www.txrrhistory.com - Tower 179 - Shamrock
A Crossing of the Fort Worth & Denver Railroad and the Chicago, Rock Island & Gulf Railway
Shamrock, located on the famous Route 66, was named by an Irish immigrant rancher who moved into this area of the Texas Panhandle in 1890. Settlement of the area accelerated when the Chicago, Rock Island & Gulf Railway built through Shamrock in 1902 as they constructed a rail line from Oklahoma City to Tucumcari. Oil was discovered in the eastern Panhandle in 1926, and in 1932, the Ft. Worth & Denver (FW&D) Railroad built a rail line from their main line at Childress to the town of Pampa, located on the Santa Fe transcontinental main line. At a distance of 110 miles, this was the last rail segment of more than 55 miles in length ever built in Texas. The FW&D crossed the Rock Island line in Shamrock. Tower 179 was established as a cabin interlocker in the early 1930s to control the interlocking.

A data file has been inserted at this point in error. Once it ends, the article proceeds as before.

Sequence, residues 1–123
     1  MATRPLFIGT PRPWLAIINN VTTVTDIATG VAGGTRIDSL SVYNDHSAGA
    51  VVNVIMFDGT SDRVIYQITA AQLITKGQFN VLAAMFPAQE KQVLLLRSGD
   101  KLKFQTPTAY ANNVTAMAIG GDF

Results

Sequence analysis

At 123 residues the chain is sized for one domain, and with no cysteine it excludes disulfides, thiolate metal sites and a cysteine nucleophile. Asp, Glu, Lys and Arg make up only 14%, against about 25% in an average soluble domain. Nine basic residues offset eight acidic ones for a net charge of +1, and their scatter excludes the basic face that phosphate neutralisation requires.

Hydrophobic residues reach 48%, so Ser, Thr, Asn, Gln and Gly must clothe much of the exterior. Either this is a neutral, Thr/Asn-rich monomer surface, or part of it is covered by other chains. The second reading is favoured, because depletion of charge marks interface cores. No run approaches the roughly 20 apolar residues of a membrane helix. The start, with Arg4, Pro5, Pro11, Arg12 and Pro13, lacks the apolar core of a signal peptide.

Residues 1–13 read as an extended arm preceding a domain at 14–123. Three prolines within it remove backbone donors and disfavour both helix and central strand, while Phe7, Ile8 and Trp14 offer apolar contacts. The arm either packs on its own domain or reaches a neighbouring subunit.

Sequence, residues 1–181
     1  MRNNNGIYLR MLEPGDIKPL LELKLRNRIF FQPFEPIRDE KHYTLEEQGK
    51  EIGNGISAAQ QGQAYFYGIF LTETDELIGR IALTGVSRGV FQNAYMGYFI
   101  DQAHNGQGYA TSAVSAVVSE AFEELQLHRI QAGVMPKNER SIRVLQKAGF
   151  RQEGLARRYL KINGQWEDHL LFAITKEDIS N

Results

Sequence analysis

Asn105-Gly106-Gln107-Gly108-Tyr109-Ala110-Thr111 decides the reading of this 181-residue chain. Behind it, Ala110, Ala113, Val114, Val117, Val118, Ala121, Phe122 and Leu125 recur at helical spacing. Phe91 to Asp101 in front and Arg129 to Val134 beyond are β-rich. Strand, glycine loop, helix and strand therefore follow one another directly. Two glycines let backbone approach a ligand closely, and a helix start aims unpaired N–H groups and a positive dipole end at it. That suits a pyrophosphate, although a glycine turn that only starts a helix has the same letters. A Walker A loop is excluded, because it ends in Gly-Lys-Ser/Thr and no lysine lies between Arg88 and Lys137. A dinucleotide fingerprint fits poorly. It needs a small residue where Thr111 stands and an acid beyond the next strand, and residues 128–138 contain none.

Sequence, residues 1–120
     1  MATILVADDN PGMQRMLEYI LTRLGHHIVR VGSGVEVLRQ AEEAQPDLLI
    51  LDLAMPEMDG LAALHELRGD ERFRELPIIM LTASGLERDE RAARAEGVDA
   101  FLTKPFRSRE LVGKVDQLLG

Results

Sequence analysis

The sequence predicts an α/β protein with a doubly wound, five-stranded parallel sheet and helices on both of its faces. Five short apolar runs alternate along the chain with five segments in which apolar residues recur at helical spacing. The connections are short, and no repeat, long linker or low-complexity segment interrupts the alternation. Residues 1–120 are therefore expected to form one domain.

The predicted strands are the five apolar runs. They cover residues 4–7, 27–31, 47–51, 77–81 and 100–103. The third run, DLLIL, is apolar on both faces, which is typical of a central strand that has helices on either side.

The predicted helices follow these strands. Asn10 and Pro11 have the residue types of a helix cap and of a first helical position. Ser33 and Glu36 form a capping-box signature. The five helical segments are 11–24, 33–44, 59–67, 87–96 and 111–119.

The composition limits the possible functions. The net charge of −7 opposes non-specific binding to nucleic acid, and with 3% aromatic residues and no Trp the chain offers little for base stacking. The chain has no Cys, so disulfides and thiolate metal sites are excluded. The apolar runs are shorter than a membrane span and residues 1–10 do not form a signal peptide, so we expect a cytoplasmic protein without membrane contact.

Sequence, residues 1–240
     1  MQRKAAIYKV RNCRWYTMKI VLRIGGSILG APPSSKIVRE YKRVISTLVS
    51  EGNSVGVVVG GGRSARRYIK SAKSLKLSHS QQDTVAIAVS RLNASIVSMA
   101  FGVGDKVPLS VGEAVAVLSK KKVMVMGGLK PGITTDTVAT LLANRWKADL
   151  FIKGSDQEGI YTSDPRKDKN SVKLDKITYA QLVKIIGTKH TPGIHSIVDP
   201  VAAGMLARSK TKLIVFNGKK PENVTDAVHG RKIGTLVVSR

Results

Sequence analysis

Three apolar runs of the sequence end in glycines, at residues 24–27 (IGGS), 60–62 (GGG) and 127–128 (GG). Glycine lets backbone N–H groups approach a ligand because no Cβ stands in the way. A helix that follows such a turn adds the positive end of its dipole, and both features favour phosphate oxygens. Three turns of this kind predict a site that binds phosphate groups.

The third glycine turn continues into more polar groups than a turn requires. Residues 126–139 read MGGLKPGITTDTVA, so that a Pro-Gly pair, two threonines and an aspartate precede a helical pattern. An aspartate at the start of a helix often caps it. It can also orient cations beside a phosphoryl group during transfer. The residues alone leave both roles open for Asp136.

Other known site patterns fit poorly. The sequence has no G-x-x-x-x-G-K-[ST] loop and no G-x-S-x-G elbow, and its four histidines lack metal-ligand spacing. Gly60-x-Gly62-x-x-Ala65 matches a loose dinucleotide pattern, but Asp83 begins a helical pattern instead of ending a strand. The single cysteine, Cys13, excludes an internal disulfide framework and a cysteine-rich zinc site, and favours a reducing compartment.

The FW&D line through Shamrock was abandoned in 1970, and
the Rock Island line was abandoned in the 1980s after Rock
Island's bankruptcy. Today, the abandoned cabin interlocker is
the only remnant of the crossing, sitting amidst a dense thicket
of trees and brush that has grown up on the abandoned rights-of-way.
Modern Photo - Tower 179
|The cabin for the Tower 179 interlocking is the only remnant of railroading at the former crossing of the Rock Island Railroad and the Ft. Worth & Denver Railroad at Shamrock. Photo by Jim King|